As a learning organization, are you aligned to your business’ strategy? Are you prepared to support the organization in reaching where it needs to go in the next five years? Are you optimized when it comes to the people, processes and technologies that you need to support organizational goals?

If you answered “yes” to any of those three questions, how do you know? How are you benchmarking your performance as a learning organization? What metrics are you using?

If those last two questions made you stop in your tracks, it’s time to do things differently. If you do not have the right benchmarking data, you are at the risk of not being able to support your learners or your business.

As a profession, we tend to measure ourselves and our organizations by a few different points, including the data we can generate (e.g., number of courses attended, learner satisfaction or costs avoided) or by the awards we win — which are often limited or judged by subjective criteria. And, time and time again, when times are lean or the organization needs to make budget cuts, learning is one of the first places where they happen.

It’s time to ask ourselves: Whose standards are we bearing, and what makes a great training organization?

What Makes a Great Training Organization?

Over the past decade, Training Industry, Inc., has studied both the supply side and the buy side of the training market to investigate what makes a great training organization. Based on that research, it has developed a model for what makes for a high-performing training organization, which is organized into the following eight process capabilities:

    • Strategic alignment
    • Content development
    • Delivery
    • Diagnostics
    • Reporting and analysis
    • Technology integration
    • Portfolio management
    • Administrative services

The Training Industry model provides a framework for learning professionals to consider when evaluating the performance of their training organization and identifying opportunities for change and improvement. (Note that while they are the eight process capabilities of a high-performing training organization, an organization may not be high-performing in all eight areas all the time.)

Consider the Following:

    • If your organization is going through a major culture revamp, perhaps you need to focus on your content development capabilities.
    • If you need to ensure you have the right skills in the organization for the next five years, perhaps you need to focus on your strategic alignment, content development and delivery capabilities.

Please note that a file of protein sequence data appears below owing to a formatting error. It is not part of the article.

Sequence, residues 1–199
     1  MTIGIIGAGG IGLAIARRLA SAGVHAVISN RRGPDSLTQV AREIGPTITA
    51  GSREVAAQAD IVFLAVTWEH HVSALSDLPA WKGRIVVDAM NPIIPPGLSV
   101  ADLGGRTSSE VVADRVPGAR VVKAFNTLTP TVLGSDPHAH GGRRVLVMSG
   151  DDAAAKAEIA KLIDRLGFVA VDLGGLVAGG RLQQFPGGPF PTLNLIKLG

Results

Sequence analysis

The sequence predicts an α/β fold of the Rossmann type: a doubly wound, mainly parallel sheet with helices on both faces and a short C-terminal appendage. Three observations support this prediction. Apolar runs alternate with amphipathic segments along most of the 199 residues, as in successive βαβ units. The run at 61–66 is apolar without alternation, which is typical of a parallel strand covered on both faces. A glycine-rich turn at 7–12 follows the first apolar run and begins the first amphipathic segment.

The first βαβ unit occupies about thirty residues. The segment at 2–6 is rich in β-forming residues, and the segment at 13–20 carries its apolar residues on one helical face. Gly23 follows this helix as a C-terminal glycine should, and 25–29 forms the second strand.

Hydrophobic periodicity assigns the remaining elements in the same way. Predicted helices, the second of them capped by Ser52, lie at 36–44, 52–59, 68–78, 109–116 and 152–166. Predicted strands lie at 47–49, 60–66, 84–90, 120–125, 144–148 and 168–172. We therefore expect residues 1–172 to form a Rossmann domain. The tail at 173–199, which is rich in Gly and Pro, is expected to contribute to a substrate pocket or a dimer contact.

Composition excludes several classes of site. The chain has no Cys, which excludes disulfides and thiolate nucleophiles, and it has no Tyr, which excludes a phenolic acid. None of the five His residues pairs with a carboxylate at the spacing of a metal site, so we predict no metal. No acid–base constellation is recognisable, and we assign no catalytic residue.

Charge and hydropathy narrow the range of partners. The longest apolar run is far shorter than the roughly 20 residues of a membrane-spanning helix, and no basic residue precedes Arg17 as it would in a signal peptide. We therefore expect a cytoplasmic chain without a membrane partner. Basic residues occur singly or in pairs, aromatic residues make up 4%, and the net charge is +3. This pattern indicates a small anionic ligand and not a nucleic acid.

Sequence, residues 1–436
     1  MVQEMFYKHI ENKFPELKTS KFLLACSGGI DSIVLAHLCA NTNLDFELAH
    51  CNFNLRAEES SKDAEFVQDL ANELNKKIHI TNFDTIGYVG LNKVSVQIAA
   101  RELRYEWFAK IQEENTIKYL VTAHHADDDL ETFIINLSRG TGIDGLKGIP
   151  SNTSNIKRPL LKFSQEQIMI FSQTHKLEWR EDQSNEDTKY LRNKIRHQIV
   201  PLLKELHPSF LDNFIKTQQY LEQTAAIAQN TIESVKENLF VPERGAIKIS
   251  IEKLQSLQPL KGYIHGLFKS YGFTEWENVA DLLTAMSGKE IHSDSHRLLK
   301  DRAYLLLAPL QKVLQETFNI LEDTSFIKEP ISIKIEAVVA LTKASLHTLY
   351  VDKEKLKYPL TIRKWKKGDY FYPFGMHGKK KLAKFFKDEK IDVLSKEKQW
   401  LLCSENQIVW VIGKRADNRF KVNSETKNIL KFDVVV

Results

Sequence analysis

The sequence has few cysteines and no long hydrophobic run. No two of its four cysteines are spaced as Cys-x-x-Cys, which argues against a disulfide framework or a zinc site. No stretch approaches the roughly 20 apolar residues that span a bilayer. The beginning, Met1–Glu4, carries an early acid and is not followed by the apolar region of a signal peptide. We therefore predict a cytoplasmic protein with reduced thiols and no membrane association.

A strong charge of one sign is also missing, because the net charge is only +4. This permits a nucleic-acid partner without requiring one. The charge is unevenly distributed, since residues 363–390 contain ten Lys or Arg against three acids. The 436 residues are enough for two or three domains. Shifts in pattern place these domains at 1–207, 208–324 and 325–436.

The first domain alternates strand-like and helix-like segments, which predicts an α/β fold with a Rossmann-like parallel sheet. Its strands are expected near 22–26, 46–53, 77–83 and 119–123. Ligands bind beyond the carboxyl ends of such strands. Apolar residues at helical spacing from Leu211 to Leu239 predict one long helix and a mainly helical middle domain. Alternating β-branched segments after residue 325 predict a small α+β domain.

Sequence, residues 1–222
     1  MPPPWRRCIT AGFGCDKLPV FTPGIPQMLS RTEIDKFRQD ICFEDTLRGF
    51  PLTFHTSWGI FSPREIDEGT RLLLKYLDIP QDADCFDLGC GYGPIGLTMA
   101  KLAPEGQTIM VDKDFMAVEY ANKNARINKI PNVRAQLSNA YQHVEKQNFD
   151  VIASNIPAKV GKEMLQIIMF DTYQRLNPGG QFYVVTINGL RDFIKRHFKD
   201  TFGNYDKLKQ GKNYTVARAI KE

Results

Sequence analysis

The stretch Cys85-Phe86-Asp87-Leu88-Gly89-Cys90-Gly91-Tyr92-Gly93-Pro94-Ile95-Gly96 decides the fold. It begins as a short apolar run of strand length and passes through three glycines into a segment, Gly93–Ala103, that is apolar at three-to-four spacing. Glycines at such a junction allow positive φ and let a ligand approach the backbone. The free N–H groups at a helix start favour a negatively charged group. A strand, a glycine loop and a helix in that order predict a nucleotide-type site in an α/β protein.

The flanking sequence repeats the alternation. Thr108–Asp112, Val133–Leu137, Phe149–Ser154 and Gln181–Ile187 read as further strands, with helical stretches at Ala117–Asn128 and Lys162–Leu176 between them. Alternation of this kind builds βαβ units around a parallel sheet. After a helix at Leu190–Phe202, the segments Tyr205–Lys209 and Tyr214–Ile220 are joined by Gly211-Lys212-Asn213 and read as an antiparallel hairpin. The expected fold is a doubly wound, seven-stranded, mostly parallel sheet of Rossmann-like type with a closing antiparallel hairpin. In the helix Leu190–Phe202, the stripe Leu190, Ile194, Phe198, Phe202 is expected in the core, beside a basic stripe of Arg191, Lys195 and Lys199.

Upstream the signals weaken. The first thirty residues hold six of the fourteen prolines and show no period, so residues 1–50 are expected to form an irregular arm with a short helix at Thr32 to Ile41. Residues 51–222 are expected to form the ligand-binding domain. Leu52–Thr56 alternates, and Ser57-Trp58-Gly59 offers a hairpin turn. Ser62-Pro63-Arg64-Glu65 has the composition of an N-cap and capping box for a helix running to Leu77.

• If you need to rationalize your learning technology stack, catalog and service management processes, perhaps you need to focus on technology integration, portfolio management and administrative services.

The process capability framework provides a structure through which you can examine how your organization delivers learning, identify potential gaps and develop strategies for improvement.

It’s What Keeps You Up at Night

The learning leader’s dilemma is what keeps you up at night, wondering if you are doing the right things. How do you prove the value of learning? How do you make sure the training team has a seat at the table?

The good news is that, with the process capability framework, you have a model on which to center your discussions. You can start by asking yourself the following question for each of the process capabilities:

    • How well are we doing in this area?
    • What opportunities are we missing to be better in this area?
    • What are we doing in this area today that, if we stopped doing, would help us be more strategic?

For this process to have even more value, consider phoning a friend: Invite a colleague from another organization of a similar size to go through this process with you. Are you facing similar issues? Are its challenges different? Are there innovations that you can share with each other? Is there an opportunity to set up process hackathons to learn from each other and drive the innovation you both need?

Another option is bringing in an objective third party to help you navigate the process of introspection, discovery and realignment. A trusted partner could help surface areas in which perceptions might not be aligned and facilitate the discussion to establish the baseline and the benchmarks that you have yet to achieve.

It is important to select a partner who understands your goals and who is committed to your vision of what you are trying to accomplish. Make sure you find someone who fits your culture and will put you and your organization on a path to success that aligns to your business strategy.

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